I have joined writing middle-size multi-purpose database application as co-lead. It currently has about 150 tables (and growing) and overall functionality you can imagine as very small ERP.

At many places in code, functionalities which would normally belong into procedures (I mean functions without return value) like DeleteAttachment or SaveRecord are put into functions with return value reporting their exit status in string. They return either "OK" on success or messages like "Deletion failed because ......." or "Insufficient privileges for .......".

At the end, often the end user is presented with message they provided. On one hand, this is effective mechanism of tracing of potential problems. On the other hand, I'm not sure whether I should encourage this approach of writing the inner business logic.

I understand that putting non-fatal problems into exceptions is also not very good way to go (EInsufficientUserPrivileges, ERecordAlreadyExists). Should we stick with current approach or is there some other which is more suitable for applications using a many checks and business logic?

  • EInsufficientUserPrivileges, ERecordAlreadyExists look like fatal problems to me - you do not get your original action completed, do you ? As such, I would make a case for throwing exceptions.
    – mika
    Apr 11, 2014 at 11:03
  • @mika - If you think most of error paths should be put into exceptions (and functions should return nothing), please create an answer based on your comment so it can be commented separately.
    – miroxlav
    Apr 11, 2014 at 11:13
  • EInsufficientUserPrivileges, ERecordAlreadyExists look like some pretty common paths to me so you should write code for it to handle the condition, not throw an exception, because expected exceptions should never be exceptions but handled.
    – Pieter B
    Apr 11, 2014 at 11:37
  • @PieterB - you answer is partially an opposite to what mika says (all error paths should create exceptions). Could you draw the line between exceptions and return values in your own answer?
    – miroxlav
    Apr 11, 2014 at 11:51

1 Answer 1


To draw the line between exceptions and return values, I would try to stick to the following: - Anytime an instruction breaks the expected flow of execution, you expect an error to be thrown. - If the expected function of procedure may have different outcomes, you will want to work with return values.

In the examples that you are stating, it seems very clearly that the expected instruction is not performed. Error messages like: "Deletion failed", or "Insufficient privileges" end up with your action being void. Therefore, you would clearly expect an error to be thrown. In this context, fatal is equivalent to "your instruction could not be performed". On the other hand, an exception does not necessarily have to be fatal. You may well handle it, and proceed with other instructions (other deletions, insertions, or whatever needs to be done). This is what you can achieve with a catch block.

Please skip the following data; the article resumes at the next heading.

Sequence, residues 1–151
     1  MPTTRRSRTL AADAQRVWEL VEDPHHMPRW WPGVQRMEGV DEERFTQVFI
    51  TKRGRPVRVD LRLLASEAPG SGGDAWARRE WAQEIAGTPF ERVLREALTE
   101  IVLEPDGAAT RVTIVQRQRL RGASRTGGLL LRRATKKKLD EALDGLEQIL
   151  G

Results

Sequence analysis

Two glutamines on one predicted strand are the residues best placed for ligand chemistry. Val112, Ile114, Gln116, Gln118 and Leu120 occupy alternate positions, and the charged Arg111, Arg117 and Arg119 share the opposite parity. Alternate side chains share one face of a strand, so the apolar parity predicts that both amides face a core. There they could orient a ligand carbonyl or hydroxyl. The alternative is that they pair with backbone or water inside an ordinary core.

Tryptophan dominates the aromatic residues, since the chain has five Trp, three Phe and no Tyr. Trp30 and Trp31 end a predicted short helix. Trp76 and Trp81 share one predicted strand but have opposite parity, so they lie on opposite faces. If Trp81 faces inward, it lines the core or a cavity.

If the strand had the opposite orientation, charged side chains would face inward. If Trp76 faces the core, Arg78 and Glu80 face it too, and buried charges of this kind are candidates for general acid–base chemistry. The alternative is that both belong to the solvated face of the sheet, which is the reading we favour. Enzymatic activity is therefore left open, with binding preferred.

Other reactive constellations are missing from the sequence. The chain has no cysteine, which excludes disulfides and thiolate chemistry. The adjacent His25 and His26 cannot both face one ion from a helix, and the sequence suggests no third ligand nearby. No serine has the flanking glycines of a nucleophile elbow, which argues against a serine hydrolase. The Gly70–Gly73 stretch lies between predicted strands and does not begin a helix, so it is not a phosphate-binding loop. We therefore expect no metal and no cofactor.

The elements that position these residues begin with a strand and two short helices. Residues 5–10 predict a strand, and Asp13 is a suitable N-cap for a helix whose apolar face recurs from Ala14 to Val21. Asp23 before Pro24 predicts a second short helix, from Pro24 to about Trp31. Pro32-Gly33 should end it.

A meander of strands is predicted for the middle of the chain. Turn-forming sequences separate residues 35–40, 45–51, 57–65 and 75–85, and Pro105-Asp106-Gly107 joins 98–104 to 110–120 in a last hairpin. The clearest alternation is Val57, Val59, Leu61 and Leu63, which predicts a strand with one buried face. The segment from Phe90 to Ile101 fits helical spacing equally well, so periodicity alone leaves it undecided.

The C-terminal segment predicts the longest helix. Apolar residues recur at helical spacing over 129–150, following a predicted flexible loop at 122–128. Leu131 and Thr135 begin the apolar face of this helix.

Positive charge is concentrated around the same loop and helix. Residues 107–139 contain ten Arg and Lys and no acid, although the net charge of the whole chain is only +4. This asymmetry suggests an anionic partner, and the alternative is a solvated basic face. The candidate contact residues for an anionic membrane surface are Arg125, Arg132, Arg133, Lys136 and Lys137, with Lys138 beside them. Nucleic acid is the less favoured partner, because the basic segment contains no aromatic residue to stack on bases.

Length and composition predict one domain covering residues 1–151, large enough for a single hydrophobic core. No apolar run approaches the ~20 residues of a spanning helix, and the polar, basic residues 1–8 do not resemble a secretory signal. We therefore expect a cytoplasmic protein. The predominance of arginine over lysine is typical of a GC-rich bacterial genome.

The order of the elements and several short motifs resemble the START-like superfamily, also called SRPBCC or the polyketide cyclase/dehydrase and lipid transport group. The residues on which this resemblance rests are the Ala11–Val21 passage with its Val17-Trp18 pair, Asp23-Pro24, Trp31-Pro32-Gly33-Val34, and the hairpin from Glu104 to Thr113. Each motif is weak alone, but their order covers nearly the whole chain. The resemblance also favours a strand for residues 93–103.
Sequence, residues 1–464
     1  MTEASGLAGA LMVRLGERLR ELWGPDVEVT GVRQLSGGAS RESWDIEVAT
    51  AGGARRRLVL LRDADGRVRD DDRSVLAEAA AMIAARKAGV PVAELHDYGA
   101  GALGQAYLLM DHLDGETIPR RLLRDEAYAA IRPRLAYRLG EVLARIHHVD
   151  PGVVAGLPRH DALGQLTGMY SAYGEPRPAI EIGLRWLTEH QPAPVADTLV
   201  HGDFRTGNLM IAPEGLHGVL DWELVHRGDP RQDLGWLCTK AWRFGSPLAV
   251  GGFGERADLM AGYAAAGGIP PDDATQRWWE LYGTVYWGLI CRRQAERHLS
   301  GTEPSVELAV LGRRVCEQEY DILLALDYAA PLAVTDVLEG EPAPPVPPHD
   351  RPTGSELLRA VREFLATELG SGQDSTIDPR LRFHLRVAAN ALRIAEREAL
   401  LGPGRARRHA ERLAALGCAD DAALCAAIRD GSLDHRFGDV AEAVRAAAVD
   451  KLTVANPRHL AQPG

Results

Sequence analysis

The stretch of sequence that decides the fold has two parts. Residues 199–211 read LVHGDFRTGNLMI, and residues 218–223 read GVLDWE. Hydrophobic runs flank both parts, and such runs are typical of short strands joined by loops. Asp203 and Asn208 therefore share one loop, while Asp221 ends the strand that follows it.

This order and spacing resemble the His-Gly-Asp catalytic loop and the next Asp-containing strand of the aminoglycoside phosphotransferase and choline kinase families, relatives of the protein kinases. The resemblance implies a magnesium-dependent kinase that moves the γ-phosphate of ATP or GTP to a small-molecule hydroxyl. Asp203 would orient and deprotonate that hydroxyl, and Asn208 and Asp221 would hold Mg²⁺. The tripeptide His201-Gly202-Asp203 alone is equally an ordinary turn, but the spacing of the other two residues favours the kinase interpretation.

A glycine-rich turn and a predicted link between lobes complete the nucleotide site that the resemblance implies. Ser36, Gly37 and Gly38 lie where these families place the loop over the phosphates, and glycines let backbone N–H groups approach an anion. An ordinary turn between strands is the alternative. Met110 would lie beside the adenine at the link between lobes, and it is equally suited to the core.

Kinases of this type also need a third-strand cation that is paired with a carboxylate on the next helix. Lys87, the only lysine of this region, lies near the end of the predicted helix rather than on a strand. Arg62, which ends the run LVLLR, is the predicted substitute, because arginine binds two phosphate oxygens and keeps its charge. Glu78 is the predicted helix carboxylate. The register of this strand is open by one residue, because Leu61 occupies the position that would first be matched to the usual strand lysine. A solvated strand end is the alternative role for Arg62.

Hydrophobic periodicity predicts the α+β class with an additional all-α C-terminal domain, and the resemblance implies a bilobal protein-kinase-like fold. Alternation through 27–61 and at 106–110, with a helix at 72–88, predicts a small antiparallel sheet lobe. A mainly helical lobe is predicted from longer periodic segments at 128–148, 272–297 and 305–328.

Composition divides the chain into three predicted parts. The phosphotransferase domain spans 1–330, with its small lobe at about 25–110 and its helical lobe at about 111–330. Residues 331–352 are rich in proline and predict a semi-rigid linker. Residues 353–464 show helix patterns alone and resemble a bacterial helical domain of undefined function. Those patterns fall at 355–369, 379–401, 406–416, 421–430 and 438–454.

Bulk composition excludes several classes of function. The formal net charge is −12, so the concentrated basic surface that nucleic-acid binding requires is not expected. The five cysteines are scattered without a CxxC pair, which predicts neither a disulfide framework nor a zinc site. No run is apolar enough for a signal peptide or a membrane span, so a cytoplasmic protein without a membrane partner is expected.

Another thing: returning a string with "OK" is not good practice. Use boolean values instead. Now again, if you want return values to be "OK" or "Error message", a boolean will not let you achieve that. An exception will let you put an error message, and any detail you want to store about the error that has happened. You could for example, if a user is denied access, store the user name, the priviledges that he has, and the record that he tried to access in an exception. You could then use this information as you catch the error to generate a short error message to the user, and a more detailed message for your error log.

  • I see this is going to require many different types of custom exceptions.
    – miroxlav
    Apr 11, 2014 at 11:53
  • 1
    "Anytime an instruction breaks the expected flow of execution, you expect an error to be thrown" -- this is totally arbitrary and subjective. I expect that different programmers would have different expectations.
    – user39685
    Apr 11, 2014 at 11:54
  • @MattFenwick - I must agree with mika that exceptions could provide effective reporting if a problem occurs. Is there other effective mechanism to provide error reporting? Things like GetLastError() can be tricky, I wouldn't go that way. Returning simply true/false is not informative about what happened.
    – miroxlav
    Apr 11, 2014 at 11:59
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    @mika The problem is that you can always shift the semantics around to say that failure is an expected outcome. You could argue that failing to open a file is not the expected outcome, and I could argue that by definition there's no guarantee a file will be there so failure to open it is expected. The real distinctions between error codes and exceptions is that error codes make failure a part of the function's type (for better and worse) while exceptions facilitate handling the error several layers up the call stack (as opposed to repeatedly returning error codes all the way up.)
    – Doval
    Apr 11, 2014 at 13:12
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    I'm reading Code Complete Second Edition and chapter 8.4 clearly states that exceptions should be reserved for conditions that are truly exceptional—in other words, for conditions that cannot be addressed by other coding practices. Exceptions are used in similar circumstances to assertions—for events that are not just infrequent but for events that should never occur. Exceptions without proper handling also weaken encapsulation:low-level exception can be propagated into upper contexts. Recommendation is to use other error-handling mechanisms, too.
    – miroxlav
    Apr 11, 2014 at 15:57

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